2010-11-26 / Front Page

The Anne Frank House — from Hiding Place to Museum

By Shy Kramer Jewish Times Publisher

A group studying tolerance at the Anne Frank Museum. A group studying tolerance at the Anne Frank Museum. AMSTERDAM —My wife and I had talked about visiting the Anne Frank House in Amsterdam for years. Now, on our way to East Africa, was the perfect opportunity - for it would afford us the chance to make a convenient interim stop over in the Netherlands and avoid the long direct flight to Nairobi.

Fortunately, Jan Colijn, our friend and Dean of General Studies at Stockton College, is from the Netherlands. Jan put us in touch with Dienke Hondius, Professor of History at VU University in Amsterdam where she is involved with the Frank House and the international department there.

What many don’t know is that since 1967 the Anne Frank House, which welcomes over one million visitors each year, has provided world-wide traveling tours of exhibitions in 67 countries and 1200 cities promoting tolerance. They have produced books, theater presentations and teacher training materials - teaching acceptance of all people regardless of ethnicity, religion or race. They use film clips, debates and classroom discussions. In fact, Janet and I attended one college-level class being conducted in the Anne Frank House property and found it to be most stimulating. It’s similar to the work at the Tolerance Museum of the Simon Wiesenthal Center in Los Angeles, California.

Janet Kramer at the museum with Dienke Hondius, Professor of History at VU University in Amsterdam. Janet Kramer at the museum with Dienke Hondius, Professor of History at VU University in Amsterdam. It is sad to realize that the once vibrant and numerous Jewish community (140,000 before the war) of the Netherlands have been reduced to just over 40,000 souls today.

During the 15th century Jews came from Spain – some through France and the numbers increased. In the 17th century Amsterdam became an international commercial center with a dynamic shipping industry and Jews – particularly the Sephardim - became very wealthy. Amsterdam was also a leading city for the production of Hebrew books.

A group of students studying tolerance at the museum. A group of students studying tolerance at the museum. After the war many Jews no longer felt at home in the Netherlands and the Dutch were not overtly welcoming. After 1948 many Jews emigrated to Israel and the United States.

Today there are Jews in thirty communities with most of them in Amsterdam. There is the “MIK,” similar to our Federation system, which helps with welfare, the Jewish hospital and other social action organizations. And, the Dutch government also gives to the Jewish Welfare Groups. The government also provides some funds for the magnificent 300-year-old Spanish Portuguese Synagogue. It was illuminated with candle light and designed with a gorgeous ark and bimah of polished wood - and though today it is a museum, it’s still inspiring to visit this imposing edifice. The shul is located just across the street from the large and impressive Jewish Museum, which depicts the culture - the life and times of the Jews of the Netherlands. It’s a “must-see” when you visit Amsterdam. It also contains models of the “new” shul of 1752 and has an impressive library. Lonnie Stgrink, the Museum librarian told us they have over 120,000 visitors each year. And, she reports, there is a kosher butcher, a weekly Jewish newspaper and an active Jewish community.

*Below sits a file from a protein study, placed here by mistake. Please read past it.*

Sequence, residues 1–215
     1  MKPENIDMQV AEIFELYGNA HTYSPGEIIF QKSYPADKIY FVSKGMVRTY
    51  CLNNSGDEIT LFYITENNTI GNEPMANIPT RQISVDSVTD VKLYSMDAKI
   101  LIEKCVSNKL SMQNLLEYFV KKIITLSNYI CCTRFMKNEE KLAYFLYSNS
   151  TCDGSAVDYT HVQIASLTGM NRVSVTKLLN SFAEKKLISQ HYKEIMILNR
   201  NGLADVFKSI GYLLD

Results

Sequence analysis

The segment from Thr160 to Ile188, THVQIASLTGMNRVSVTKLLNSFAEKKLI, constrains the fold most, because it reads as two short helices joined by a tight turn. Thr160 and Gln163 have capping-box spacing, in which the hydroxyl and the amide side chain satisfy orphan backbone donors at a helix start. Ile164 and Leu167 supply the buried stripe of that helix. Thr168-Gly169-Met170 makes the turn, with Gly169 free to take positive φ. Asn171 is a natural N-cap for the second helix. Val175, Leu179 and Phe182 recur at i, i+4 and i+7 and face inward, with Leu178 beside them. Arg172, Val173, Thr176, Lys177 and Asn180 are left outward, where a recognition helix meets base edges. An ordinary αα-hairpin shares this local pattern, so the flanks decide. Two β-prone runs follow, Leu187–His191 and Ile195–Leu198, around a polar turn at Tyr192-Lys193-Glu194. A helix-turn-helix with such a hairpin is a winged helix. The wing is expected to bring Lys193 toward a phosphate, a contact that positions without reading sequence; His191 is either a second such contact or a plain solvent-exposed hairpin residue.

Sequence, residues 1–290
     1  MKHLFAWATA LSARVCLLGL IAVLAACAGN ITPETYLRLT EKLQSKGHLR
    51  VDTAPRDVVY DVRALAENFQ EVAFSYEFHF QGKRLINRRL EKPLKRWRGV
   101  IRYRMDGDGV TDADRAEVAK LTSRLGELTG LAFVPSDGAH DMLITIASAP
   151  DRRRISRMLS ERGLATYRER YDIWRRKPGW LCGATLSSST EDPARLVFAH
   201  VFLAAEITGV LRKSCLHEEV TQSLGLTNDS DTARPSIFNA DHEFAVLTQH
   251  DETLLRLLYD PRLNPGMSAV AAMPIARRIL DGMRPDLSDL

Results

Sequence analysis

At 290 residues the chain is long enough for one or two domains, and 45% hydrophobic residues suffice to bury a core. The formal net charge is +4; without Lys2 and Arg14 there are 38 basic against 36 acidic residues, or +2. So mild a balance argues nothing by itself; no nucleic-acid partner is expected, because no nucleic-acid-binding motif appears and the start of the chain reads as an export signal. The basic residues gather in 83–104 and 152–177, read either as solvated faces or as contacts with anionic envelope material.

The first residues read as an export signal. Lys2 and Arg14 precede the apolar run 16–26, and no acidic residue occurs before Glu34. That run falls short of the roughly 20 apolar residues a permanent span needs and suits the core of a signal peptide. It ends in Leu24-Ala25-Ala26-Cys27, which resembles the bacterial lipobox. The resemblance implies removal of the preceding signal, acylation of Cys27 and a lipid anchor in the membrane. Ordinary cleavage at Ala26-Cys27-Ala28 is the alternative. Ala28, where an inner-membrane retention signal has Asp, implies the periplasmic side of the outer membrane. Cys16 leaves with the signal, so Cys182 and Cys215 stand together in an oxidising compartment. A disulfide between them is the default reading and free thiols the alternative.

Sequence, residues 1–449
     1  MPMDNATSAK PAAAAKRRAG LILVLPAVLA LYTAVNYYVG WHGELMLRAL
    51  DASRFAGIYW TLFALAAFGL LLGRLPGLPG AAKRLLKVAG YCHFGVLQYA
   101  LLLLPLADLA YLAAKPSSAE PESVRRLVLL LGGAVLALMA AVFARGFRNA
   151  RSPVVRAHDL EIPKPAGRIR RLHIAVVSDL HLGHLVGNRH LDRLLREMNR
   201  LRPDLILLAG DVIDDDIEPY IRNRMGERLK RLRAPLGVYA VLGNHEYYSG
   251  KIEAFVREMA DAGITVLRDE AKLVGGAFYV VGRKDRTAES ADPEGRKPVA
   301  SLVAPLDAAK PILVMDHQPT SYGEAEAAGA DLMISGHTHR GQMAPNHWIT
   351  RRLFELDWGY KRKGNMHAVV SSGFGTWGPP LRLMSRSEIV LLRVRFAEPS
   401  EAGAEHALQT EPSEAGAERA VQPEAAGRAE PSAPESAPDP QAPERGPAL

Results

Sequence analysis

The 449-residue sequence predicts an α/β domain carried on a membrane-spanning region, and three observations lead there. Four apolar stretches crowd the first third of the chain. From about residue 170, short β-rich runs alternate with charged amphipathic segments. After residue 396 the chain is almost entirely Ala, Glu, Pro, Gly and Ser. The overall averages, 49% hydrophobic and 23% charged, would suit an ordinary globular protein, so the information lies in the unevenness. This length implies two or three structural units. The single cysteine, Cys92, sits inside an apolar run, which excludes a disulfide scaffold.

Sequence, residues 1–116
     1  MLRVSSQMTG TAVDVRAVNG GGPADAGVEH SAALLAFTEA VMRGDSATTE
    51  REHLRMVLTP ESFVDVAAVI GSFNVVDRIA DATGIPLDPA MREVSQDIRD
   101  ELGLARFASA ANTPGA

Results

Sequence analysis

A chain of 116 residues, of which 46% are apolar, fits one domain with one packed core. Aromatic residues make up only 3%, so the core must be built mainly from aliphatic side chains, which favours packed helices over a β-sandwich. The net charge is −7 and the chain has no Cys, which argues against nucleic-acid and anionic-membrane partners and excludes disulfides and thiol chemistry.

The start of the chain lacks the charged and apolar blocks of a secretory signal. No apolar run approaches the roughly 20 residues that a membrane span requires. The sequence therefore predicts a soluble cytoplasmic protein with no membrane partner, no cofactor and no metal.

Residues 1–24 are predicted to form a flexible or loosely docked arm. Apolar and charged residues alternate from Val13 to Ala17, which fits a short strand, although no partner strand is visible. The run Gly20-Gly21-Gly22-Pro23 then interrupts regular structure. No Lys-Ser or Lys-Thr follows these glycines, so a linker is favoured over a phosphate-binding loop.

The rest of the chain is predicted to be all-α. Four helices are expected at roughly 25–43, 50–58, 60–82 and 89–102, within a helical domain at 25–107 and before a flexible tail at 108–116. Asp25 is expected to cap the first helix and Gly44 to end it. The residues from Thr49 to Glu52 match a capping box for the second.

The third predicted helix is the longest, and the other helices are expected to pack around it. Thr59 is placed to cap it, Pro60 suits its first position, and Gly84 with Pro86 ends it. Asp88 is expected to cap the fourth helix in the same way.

The night before we left we attended an International Jewish Music Festival performance at the Amsterdam Conservatory - a new performance hall near the central station. Small musical groups came from European countries - South America - and the states to compete. Not only did the jury select a winner but also the audience was given plastic chips (1 each) so we too could vote for one of the six finalists. Unfortunately the USA team did not make the finals.

In retrospect I thought of our experience of being in the very presence of Otto Frank and his family and of their long travail. True we were there - but were we really there? How could we imagine the anxiety of living on a daily basis with the constant thought of an unexpected worker hearing our toilet flush when we were in hiding? How could we be there not hearing the haunting sound of the police sirens in the neighboring streets –or the barking German Shepard dogs that the S/S troops utilized so tauntingly to reproach their victims - or the Gestapo pounding on the door at any moment to discover our hiding place.

Yes – we were there – and it’s a memory we’ll never forget - but to fully appreciate the fear and anxious moments Anne Frank and the other seven lived with seems an impossibility now. For that we are grateful. Perhaps that’s why so many thousands patiently stand in the queue on a daily basis. At least that gives us hope.

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